Outdoor Afro commemorates Juneteenth through 2023 ‘Freedom to Access Water’ theme

Black community connections to local waterways aren’t always the easiest conversations or experiences to navigate across nationwide neighborhoods. “When we look specifically at access to public swimming pools, the Centers for Disease Control and Prevention research persistently shows that the drowning rate of Black children is more than 7.6 times that of white children,” said Rue Mapp, Founder and CEO of national not-for-profit organization Outdoor Afro. The statistic ties to the historic prohibition of Black entry onto beaches and into public pools.


To change the course of this particular water woe, Outdoor Afro centers its third annual Juneteenth (June 19) theme on “Freedom to Access Water” – coupling the federal holiday with the organization’s fifth annual Making Waves program. Launching right after Juneteenth, Making Waves’ goal is to teach up to 1,000 Black children and their caregivers how to swim within Outdoor Afro’s sphere of influence. On June 19, Outdoor Afro will extend its nature invitation to U.S. communities, which is simply to join the organization outside to commemorate Juneteenth. Preferably near water sources people enjoy visiting individually or with family and friends. To rest. Reflect. Heal in the outdoors for 2.5 hours.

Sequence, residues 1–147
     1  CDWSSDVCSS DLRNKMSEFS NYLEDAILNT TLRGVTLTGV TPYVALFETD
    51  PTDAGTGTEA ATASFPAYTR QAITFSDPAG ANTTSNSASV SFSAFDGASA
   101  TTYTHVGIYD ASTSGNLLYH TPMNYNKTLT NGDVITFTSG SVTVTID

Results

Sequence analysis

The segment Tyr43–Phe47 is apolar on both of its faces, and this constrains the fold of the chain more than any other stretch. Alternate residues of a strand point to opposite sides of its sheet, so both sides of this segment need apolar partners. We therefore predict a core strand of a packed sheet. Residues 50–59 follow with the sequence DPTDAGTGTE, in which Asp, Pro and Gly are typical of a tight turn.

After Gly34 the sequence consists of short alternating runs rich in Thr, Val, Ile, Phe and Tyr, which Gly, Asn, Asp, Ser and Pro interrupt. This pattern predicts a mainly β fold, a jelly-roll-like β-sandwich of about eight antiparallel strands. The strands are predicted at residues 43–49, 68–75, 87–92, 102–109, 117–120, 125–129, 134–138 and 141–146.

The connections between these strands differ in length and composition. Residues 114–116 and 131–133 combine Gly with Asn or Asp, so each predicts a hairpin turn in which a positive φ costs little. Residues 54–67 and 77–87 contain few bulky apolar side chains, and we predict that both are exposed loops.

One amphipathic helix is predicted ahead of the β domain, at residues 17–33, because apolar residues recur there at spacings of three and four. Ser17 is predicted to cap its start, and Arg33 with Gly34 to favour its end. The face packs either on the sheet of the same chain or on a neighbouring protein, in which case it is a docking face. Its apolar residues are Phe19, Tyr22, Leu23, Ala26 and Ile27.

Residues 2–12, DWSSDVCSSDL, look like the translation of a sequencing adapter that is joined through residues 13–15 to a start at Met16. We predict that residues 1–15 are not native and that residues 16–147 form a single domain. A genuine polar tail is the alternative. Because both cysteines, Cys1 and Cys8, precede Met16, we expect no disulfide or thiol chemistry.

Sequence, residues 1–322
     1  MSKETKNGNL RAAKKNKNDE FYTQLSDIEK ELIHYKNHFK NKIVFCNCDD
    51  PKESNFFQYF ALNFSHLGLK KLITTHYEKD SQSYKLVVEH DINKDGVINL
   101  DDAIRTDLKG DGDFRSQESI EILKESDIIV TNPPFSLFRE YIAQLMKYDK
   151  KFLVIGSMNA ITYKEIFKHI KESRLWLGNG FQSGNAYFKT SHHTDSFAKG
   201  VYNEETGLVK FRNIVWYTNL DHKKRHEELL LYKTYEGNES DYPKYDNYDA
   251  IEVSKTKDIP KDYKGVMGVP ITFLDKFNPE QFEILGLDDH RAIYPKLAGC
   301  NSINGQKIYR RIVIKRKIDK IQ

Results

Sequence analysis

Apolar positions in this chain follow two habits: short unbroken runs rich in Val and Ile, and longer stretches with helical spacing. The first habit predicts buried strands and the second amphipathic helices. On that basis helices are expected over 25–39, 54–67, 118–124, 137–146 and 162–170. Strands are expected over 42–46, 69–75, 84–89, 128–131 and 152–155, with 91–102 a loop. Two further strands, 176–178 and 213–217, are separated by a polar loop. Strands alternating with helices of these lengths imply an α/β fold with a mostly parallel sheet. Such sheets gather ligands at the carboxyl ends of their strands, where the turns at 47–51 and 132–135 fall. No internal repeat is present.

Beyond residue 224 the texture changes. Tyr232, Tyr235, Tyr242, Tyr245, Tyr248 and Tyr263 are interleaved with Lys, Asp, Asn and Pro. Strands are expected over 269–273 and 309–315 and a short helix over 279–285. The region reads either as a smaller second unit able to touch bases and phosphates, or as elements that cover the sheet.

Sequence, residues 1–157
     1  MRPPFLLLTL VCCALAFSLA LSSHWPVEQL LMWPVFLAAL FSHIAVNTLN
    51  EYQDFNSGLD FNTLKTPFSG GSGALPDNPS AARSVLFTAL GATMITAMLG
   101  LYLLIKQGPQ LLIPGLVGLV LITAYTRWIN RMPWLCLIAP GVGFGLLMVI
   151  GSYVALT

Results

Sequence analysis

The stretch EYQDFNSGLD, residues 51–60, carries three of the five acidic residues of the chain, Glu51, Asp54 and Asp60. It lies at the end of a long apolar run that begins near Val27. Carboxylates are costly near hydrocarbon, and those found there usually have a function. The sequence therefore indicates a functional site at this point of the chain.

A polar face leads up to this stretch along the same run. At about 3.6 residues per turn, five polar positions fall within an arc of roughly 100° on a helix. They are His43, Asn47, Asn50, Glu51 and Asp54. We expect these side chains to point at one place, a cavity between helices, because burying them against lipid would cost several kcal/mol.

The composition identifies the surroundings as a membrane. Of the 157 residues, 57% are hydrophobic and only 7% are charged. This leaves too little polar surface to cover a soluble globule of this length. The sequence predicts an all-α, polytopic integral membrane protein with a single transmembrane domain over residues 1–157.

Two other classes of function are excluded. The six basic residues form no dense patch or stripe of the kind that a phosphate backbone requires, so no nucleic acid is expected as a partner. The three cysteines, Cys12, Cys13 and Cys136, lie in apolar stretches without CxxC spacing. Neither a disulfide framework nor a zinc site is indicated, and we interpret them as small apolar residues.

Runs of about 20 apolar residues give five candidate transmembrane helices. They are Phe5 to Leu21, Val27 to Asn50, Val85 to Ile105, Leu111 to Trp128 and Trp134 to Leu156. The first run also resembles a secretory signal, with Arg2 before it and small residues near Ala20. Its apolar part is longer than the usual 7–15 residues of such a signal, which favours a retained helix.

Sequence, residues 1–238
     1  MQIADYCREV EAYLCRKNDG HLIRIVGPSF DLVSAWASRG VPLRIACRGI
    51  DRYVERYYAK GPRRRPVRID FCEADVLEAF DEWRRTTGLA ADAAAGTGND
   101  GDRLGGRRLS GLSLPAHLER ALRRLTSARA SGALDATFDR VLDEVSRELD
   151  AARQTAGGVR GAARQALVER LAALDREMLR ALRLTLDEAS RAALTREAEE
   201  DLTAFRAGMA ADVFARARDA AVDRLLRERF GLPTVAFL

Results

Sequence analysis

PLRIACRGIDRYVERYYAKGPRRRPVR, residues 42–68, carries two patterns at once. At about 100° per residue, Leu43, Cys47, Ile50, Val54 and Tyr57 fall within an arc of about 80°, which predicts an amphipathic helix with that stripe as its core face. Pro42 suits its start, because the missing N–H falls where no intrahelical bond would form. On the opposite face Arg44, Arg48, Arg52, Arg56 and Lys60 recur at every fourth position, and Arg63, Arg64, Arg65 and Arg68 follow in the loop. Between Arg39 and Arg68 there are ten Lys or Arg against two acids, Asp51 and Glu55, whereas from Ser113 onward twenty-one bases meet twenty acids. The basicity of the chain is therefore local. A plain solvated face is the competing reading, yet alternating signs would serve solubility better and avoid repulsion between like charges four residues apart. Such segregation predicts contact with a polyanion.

“We want to stay fixed on the true essence of Juneteenth at Outdoor Afro,” said Mapp. “The false narrative is that this holiday symbolizes a celebration to ending slavery; however, this label  just isn’t accurate.” Instead, June 19, 1865, documents the date 250,000 enslaved Black Americans in Galveston, Texas, were told they were free. Good news, indeed. The only problem: Enslaved people received the announcement 2.5 years after the Emancipation Proclamation (signed Jan. 1, 1863) went into effect. 

Outdoor Afro uses its community and nature work to educate the general public about the correct meaning behind Juneteenth and how significant freedom and time – in its many interpretations – is to everyone. Outdoor Afro’s National Program Director Chaya Harris leads the organization’s Making Waves program. She matches families and individuals with select sites that offer swim lessons through the program. “We’re asking the public, supporters, partners, and our local networks to spend just 2.5 hours in nature on Juneteenth,” said Harris. “It’s a great way to focus on Making Waves and reach our 1,000 Swimmership goal with a new generation of confident swimmers and swim instructors.” 

ABOUT OUTDOOR AFRO: Outdoor Afro is a national not-for-profit organization that celebrates and inspires Black connections and leadership in nature. What started as a kitchen table blog by Founder and CEO Rue Mapp in 2009 has since grown into a cutting-edge nationwide movement with 100-plus volunteer leaders in 60 cities with network participation reaching more than 60,000 people. Outdoor Afro reconnects Black people with the outdoors through outdoor education, recreation, and conservation. Follow Outdoor Afro at outdoorafro.org and @outdoorafro today. Illustrations by Dajah Callen.